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Old 11-01-2004, 01:02 PM   #1
Gates1026
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Advice for a Dial in Linux server


I am starting to do a little project for a small business that requires the use of a very secure way to transfer files back and forth across 2 computers on the road. What I have come up with for a solution is some sort of a dial in linux server that transfers the files back and forth over putty on the windows side. The linux server that users will dial in to will reside in an office that people on the road can dial up to and transfer the files back and forth.

Is this something that can be done relatively cheaply? I am really good with linux and just need some advice and pointed in the right direction. I have read a little documentation on ppp but have found no real solid tutorials on building a dial in RAS server. It doesnt need to be fancy at all, just get th job done.

Also what kinds of modems work best for a task like this? A regular pci internal modem or something more like a seriel modem?

Any advice or help you could give me would be very greatly appreciated!!
 
Old 11-01-2004, 03:23 PM   #2
Lleb_KCir
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would it not be simpler just to configure a IPCop system and enable VPN... then ppl could just use VPN with all the higher level security of IPSec, then still use sFTP to move data back and forth.

for those that will be using windows boxes to talk to a linux box they can use winSCP a free GUI based sFTP program that works very much like cuteFTP and is extreemly intuitive to anyone who has used a drag and drop GUI before.
 
Old 11-01-2004, 04:26 PM   #3
Gates1026
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I thought about setting up a VPN, but the users will not always have access to braodband ethernet. They should always be able to find a dial up connection. Also, there is less of a chance for someone else being able to intercept the info when it is a standalone dialup server not connected to the internet.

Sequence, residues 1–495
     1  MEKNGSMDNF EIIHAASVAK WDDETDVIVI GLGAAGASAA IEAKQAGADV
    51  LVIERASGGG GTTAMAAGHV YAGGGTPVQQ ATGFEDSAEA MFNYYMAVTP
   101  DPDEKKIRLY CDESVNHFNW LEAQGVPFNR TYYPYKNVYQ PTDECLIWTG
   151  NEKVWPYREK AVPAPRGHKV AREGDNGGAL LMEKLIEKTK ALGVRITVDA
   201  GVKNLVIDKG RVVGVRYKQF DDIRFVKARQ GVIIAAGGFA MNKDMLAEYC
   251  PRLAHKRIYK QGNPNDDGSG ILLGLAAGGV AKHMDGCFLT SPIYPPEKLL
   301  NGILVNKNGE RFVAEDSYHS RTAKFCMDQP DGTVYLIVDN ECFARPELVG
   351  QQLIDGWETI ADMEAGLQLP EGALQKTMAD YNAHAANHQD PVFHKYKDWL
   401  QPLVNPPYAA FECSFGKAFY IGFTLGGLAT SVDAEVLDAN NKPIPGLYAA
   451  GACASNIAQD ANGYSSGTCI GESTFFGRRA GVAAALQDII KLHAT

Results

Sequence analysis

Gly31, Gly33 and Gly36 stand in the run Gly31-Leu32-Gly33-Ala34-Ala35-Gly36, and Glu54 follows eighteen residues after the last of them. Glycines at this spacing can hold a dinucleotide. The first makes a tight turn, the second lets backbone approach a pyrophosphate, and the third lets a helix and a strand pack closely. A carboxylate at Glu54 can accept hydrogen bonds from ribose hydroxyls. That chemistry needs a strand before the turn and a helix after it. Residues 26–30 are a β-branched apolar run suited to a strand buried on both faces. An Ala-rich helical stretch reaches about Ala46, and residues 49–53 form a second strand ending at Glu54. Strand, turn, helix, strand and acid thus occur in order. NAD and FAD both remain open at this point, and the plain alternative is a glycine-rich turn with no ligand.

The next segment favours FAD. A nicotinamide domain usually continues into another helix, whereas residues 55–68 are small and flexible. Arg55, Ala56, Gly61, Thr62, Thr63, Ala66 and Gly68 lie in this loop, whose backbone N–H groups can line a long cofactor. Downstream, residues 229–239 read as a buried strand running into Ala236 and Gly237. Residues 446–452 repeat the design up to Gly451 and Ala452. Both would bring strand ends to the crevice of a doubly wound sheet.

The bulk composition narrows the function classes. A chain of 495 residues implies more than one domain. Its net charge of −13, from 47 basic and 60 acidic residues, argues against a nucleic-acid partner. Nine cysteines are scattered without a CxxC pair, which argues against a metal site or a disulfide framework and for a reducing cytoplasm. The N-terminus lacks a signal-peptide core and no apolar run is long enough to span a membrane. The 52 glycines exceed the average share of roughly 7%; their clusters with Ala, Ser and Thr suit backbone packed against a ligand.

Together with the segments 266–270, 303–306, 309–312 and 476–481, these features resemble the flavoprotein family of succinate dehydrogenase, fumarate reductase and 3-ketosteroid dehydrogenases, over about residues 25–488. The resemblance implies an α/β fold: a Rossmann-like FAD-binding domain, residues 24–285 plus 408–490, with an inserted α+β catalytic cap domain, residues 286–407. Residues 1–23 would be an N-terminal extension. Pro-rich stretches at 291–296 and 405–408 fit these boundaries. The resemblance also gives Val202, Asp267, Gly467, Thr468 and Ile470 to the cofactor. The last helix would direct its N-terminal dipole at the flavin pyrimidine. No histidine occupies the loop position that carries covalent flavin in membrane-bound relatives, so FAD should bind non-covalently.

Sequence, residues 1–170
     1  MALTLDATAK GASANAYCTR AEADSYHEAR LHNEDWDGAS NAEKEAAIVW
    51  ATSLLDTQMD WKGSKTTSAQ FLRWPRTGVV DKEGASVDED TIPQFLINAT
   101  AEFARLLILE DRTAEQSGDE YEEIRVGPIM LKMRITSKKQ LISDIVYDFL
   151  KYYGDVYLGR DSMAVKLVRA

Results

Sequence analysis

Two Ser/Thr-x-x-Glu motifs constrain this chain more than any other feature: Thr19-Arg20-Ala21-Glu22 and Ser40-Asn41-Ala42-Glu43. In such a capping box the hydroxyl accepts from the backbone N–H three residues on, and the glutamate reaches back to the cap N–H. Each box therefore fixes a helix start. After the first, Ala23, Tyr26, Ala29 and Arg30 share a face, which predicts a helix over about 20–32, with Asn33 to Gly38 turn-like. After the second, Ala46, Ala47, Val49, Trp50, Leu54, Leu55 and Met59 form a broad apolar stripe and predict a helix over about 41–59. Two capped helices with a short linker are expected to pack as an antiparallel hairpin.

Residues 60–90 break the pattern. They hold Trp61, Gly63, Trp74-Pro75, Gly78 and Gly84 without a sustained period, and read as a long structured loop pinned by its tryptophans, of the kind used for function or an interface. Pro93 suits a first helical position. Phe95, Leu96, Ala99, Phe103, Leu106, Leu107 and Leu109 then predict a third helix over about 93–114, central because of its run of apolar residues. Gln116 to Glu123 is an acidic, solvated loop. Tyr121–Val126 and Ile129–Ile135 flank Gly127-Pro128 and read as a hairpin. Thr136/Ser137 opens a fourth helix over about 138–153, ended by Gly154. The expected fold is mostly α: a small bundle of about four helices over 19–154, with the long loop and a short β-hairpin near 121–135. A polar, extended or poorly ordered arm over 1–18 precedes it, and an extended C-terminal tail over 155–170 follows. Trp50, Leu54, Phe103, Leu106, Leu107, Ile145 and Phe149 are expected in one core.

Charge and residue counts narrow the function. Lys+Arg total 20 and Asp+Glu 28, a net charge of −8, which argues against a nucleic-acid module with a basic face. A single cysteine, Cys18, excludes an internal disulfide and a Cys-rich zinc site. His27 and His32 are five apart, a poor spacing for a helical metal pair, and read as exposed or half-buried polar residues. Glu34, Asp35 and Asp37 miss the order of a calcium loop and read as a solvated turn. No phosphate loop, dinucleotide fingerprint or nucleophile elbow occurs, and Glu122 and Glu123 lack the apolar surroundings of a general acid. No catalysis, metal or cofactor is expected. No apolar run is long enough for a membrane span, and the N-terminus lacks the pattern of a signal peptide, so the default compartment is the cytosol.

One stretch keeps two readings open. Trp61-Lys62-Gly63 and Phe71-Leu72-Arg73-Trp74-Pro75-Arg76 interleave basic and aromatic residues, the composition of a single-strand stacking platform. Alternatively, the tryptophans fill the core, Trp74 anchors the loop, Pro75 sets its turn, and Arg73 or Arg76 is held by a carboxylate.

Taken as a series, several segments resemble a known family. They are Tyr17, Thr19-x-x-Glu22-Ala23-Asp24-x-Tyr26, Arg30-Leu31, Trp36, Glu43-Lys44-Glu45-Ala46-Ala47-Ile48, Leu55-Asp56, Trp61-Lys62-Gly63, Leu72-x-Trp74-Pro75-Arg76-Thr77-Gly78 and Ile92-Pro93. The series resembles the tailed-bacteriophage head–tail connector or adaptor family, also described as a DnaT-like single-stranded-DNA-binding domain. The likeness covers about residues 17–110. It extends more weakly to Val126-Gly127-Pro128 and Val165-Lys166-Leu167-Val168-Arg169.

Old 11-01-2004, 06:55 PM   #4
Lleb_KCir
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Quote:
Originally posted by Gates1026
I thought about setting up a VPN, but the users will not always have access to braodband ethernet. They should always be able to find a dial up connection. Also, there is less of a chance for someone else being able to intercept the info when it is a standalone dialup server not connected to the internet.
56k is 56k it does not matter how it connects it is going to be slow.

as for security a VPN is as secure as you can get short of being directly on the server with the data.

if you are bent on sticking with a RAS situation, then when your EU are on higher speed connections they will be limited to 56k as they will be connected via a modem. also a lot of newer systems including laptops do not have 56k modems any longer. i know the last 15 systems i have built have been without any modem at all. all have come with 10/100 NICs min, and several with 10/100/1000 NICs onboard.

in fact i have not sold a system in the last 4 years with a 56k modem installed.

so that is something else to think about. what you might consider is a combination of both, and offer an 800 (toll free) number to those that connect to your RAS. this will enable them to connect with a higher rate if they have it available, but also alow for a toll free slower connection as a backup. you can also set up your RAS to work like a low end ISP for them too.

so if your EU is in the field and in need of accessing the web for what ever reason they can connect to your RAS and reach the net for free over your 800#. the last big contract i worked was setup like that. they had both. VPNs for the majority of the ppl who worked from home, and an 800# RAS (also offered a local ph# to save on cost) for those without VPN access. this worked well, but those that used the RAS were always upset with the speeds due to it being 56k.
 
  


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